Infertility and Suffering

Infertility and Suffering July 14, 2011

My friend Ellen Painter Dollar has a guest post on her blog, Choices that Matter: “Beating on the Chest of God: Christian Responses to Infertility and Suffering.” It’s a poignant and helpful reflection upon what not to say to someone who is dealing with the pain of infertility in particular, and even more so an honest look at how Christians can suffer with integrity and honesty before God. I’d like to quote the whole essay in full, but for now I’ll give you a glimpse of the wisdom offered in this post, first on suffering in general:

Suffering can be a rich and wondrous place in which to encounter God. But in a culture like ours, one that has even permeated the church, we cannot suffer. In a culture that praises science, medicine, and healing (and according to the CDC prescribes more antidepressants than any other drug), we feel compelled to quickly find a remedy because suffering is too uncomfortable, for the sufferer and for those around her. We are accustomed to learning about God’s goodness through answered prayers and blessings that bring joy. We know God loves us when he lifts our burden and heals our pain. To suffer is to feel God’s absence.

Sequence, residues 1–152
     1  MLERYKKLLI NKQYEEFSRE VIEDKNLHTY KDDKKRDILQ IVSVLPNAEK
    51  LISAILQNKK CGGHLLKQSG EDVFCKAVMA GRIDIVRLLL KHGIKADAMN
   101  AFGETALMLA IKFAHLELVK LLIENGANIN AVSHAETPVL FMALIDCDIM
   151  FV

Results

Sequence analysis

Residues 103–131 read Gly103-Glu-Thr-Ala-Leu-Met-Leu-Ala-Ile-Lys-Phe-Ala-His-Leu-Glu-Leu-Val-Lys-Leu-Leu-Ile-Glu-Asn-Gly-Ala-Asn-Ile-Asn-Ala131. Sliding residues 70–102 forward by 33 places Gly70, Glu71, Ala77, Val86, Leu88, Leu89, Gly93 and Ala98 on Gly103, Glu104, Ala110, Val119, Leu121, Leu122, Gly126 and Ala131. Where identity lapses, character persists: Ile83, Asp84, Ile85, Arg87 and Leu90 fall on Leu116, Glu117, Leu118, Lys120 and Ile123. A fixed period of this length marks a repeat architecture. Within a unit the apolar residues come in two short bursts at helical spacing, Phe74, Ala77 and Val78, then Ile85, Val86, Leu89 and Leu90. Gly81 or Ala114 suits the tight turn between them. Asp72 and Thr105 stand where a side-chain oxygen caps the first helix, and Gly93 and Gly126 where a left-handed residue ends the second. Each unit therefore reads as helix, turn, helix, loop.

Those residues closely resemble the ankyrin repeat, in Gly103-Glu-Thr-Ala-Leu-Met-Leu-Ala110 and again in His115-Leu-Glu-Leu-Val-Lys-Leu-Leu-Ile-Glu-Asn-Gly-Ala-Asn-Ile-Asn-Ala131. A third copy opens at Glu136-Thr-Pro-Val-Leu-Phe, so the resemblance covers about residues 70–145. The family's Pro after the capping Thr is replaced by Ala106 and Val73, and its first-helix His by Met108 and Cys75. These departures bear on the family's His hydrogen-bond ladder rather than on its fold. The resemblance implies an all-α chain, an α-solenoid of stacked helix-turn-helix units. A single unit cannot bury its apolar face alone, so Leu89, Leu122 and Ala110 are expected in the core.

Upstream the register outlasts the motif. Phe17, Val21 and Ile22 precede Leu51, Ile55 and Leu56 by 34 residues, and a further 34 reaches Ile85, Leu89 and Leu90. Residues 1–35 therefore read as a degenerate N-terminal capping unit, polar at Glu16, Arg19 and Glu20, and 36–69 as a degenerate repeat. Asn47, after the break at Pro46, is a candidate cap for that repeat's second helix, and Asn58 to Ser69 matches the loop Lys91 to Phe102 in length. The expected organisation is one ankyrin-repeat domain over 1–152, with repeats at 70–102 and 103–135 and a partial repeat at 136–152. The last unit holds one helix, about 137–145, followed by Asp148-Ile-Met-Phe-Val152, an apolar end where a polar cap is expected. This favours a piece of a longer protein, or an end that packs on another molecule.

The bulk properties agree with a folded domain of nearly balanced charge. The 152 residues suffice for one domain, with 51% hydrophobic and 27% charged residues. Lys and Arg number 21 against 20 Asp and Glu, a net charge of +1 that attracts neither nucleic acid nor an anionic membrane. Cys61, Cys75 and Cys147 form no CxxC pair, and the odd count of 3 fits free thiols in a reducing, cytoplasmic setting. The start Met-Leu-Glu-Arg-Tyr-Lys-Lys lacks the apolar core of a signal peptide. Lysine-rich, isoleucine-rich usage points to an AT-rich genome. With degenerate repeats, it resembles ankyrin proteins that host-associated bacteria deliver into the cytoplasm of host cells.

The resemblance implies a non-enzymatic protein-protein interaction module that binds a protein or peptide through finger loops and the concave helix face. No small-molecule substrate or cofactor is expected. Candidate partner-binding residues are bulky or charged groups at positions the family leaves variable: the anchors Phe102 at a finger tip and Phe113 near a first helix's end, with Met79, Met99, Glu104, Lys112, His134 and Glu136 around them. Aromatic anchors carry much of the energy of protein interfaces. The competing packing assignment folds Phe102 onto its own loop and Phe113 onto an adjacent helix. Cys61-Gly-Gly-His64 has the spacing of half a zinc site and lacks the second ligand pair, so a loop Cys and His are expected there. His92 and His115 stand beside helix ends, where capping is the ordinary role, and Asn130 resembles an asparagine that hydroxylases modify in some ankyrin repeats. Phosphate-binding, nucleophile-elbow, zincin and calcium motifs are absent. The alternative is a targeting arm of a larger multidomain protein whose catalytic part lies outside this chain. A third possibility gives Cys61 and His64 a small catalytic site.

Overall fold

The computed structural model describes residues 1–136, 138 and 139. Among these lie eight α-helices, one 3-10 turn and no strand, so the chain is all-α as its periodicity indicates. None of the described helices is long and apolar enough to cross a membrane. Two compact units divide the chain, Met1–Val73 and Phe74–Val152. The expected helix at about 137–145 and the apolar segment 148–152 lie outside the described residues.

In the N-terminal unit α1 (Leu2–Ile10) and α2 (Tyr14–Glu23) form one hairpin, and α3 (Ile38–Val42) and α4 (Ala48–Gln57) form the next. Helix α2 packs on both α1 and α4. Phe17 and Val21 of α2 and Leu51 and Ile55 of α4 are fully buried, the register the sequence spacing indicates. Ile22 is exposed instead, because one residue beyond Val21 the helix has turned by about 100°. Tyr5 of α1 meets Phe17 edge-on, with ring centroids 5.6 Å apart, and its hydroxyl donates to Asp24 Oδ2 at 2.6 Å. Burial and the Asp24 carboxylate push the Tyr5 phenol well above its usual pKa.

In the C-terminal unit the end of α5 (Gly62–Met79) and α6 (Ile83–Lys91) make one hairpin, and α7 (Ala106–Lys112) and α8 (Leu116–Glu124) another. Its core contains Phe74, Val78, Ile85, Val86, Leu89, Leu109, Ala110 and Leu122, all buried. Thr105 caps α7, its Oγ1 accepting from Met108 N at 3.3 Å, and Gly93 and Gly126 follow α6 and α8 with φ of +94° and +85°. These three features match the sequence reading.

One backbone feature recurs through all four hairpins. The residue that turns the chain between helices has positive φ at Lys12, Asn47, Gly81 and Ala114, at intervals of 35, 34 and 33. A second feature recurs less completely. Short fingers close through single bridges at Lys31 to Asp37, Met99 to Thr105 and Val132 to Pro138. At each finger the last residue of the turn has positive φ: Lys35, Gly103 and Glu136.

But I’ve learned the most about God’s love in a place of suffering. Consider the place where God’s love for the world is brought into sharpest focus: at the cross of Christ, the place of ultimate suffering and brokenness. The shadow of the cross can be a powerful place to meet a God we usually seek under rainbows and blue skies. I’ve come to believe that when we suffer, we are closest to the heart of God.

And also as it relates to infertility in particular:

My core question is this: If those of us who face the anguish of infertility were given the cultural and theological space to inhabit our suffering, to beat upon the chest of God, if we were encouraged to embrace suffering as a spiritual gift, and if our brothers and sisters in Christ would weep and scream and sit in silent exhaustion with us, rather than admonish us to simple faith and easy joy, would that change the way we approach reproductive technologies? If we felt free to suffer, would we perhaps feel less compelled to resolve our infertility through technological means?

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